No wait. One more thing: Thank you for asking. And reading.

  • email
  • Facebook
  • RSS
  • Twitter
  • StumbleUpon
  • Add to favorites
  • Tumblr
  • PDF

Rainy Day Equation

2010.01.21
By

SEMI-FERAL CAT, PLUS FORCED CONFINEMENT, divided by ping-pong ball, equals nothing else.

  • email
  • Facebook
  • RSS
  • Twitter
  • StumbleUpon
  • Add to favorites
  • Tumblr
  • PDF

Three Hard Things

2010.01.15
By

Kicking a whale up a beach
Braiding grape jelly
Comforting the chronically afflicted.

(1/22/09 P.S. to RW: who asked “Why would you kick a whale?” The only reason I can think of is that 1) he’s down, and 2) you’re that sort of fellow.)

  • email
  • Facebook
  • RSS
  • Twitter
  • StumbleUpon
  • Add to favorites
  • Tumblr
  • PDF

Between Unravelings

2009.04.28
By

After further conversation, it seems my employer has rescinded my termination — which is good news for a May 19 diagnostic. As the company’s health insurance is now guarded by a fierce COBRA, however, the financial effect is the same, and my suggestion that I be re-fired in order to qualify Ann & I for the 65% discount having met with indignation only one of us is now insured.

But the California towhees are in full urgent voice, and through across-the-creek windows the skyclutching oak is shafted with slantwise gold spilling cloudlike through the cypress behind.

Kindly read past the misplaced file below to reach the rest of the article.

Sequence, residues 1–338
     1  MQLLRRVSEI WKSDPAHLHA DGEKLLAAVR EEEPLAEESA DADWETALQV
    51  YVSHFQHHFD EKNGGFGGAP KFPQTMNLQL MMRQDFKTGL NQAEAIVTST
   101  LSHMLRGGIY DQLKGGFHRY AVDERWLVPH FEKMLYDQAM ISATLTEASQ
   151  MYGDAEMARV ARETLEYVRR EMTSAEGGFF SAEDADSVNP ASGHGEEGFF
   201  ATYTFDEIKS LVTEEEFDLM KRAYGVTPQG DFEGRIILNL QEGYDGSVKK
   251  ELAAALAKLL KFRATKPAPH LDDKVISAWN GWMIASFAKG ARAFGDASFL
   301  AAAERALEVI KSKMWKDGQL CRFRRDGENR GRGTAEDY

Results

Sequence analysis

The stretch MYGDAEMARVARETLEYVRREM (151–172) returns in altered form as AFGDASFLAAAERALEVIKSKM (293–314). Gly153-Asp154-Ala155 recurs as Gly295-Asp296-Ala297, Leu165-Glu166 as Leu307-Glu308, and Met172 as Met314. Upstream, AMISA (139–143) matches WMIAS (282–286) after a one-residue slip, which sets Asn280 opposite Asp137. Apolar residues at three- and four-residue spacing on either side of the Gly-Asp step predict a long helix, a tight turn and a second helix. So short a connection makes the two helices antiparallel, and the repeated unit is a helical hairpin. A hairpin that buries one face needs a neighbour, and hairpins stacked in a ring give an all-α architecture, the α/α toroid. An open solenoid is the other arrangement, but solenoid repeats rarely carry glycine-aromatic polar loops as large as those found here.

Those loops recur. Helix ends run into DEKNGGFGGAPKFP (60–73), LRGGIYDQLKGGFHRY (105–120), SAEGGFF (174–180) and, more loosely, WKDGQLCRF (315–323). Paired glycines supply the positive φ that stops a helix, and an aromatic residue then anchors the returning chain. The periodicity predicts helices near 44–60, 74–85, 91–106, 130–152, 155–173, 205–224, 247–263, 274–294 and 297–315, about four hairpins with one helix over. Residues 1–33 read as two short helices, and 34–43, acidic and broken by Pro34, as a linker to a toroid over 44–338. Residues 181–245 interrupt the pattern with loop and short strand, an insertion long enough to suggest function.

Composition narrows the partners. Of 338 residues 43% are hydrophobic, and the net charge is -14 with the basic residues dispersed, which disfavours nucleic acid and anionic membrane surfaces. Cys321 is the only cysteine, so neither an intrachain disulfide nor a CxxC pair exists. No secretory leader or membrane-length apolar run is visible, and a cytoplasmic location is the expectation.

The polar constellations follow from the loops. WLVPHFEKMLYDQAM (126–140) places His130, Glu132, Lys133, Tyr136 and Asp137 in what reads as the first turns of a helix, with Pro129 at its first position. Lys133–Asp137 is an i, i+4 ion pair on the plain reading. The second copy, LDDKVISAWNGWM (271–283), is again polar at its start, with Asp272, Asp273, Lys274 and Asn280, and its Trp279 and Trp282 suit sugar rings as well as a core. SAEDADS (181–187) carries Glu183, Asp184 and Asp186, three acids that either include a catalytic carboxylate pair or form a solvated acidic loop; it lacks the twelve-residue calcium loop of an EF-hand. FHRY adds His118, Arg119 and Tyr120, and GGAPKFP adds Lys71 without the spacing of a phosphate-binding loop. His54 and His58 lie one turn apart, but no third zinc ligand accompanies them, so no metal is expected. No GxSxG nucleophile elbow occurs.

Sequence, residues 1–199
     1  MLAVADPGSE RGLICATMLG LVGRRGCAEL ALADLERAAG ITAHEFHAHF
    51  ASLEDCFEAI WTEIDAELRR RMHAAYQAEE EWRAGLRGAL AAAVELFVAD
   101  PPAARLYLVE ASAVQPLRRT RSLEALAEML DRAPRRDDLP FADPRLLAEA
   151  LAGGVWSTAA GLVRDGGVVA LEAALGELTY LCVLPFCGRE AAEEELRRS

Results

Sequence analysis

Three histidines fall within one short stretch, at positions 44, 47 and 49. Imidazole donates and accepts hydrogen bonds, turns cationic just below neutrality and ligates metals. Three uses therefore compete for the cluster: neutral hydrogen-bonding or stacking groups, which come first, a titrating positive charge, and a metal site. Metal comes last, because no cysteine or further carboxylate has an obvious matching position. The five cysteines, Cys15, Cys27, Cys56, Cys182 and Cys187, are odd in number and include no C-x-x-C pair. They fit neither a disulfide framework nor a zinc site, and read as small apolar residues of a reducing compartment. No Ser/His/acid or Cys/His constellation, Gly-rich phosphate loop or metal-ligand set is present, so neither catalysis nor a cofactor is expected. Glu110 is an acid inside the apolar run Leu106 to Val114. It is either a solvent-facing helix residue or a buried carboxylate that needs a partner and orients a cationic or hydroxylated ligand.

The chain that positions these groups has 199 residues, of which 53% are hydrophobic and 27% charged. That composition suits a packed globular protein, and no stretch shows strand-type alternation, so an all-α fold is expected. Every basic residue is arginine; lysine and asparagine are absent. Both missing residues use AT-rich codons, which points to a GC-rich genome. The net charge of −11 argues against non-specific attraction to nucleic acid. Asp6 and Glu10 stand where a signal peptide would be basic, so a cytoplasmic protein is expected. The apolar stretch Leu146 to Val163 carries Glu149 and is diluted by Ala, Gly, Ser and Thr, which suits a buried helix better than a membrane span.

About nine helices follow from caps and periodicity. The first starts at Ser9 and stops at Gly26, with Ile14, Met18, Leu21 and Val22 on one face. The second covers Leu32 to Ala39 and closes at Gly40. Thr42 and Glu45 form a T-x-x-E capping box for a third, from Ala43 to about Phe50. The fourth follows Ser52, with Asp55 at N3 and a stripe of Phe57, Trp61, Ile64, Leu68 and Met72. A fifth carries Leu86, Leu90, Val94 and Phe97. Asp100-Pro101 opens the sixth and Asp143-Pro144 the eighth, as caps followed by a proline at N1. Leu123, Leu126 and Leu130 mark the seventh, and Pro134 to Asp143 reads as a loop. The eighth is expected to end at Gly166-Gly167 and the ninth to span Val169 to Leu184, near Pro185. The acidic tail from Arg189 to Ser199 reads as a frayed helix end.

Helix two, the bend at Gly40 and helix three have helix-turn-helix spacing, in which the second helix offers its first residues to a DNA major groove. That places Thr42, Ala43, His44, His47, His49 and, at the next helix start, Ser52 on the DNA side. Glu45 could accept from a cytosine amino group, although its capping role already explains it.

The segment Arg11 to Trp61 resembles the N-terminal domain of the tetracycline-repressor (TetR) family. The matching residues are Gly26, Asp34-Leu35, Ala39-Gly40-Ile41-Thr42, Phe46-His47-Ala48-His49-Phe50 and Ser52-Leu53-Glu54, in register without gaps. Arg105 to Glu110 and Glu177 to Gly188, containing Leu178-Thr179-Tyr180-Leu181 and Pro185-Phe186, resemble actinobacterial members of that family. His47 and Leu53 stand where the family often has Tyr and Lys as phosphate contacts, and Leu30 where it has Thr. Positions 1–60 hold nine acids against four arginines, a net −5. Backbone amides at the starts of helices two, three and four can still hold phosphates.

Today, at least, is good.

  • email
  • Facebook
  • RSS
  • Twitter
  • StumbleUpon
  • Add to favorites
  • Tumblr
  • PDF

A Tip of the Yarmulke to Lou Gehrig

2009.04.15
By

In the entire time I covered the Sonoma City Council, I only took the podium thrice: once to ask for clarification, once to offer my then-employer‘s help with disseminating something of civic importance, and once when the mayor declared 1/17/01 as “Neal Ross Day” when I first left the Index-Tribune. (Geeez.) Tonight will be the fourth:

—–

Mr. Mayor, members of the City Council and of the public, thank you. I’m Neal Ross Attinson, 21 France St. #1, perpetual part-time rabbinical student and former full-time reporter.

It’s a busy night, so I won’t take up too much time, and anyway I?m more comfortable sitting over there writing than standing up here talking. But I was told that a few people wanted to know where I’ve been for the past few months, and since most of those people are integral to the city in some way it seemed appropriate to address you tonight.

Many of you know I was covering the city and public-safety beats for the Sonoma Valley Sun until incapacitating abdominal pain took me off the job in December. Without going into details (which are available at my blog, metaphorager.net — for the record, m-e-t-a-p-h-o-r-a-g-e-r), suffice to say that after five months, 40 pounds, two surgeries and six hospitalizations there’s no relief and no clear diagnosis yet. But we haven’t given up.

Last Wednesday, my pharmacist informed me that my health insurance had been canceled, and two days later I learned that I was no longer employed by the Sonoma Valley Sun. That being the case, I wanted to thank some people without whom I wouldn’t be here now.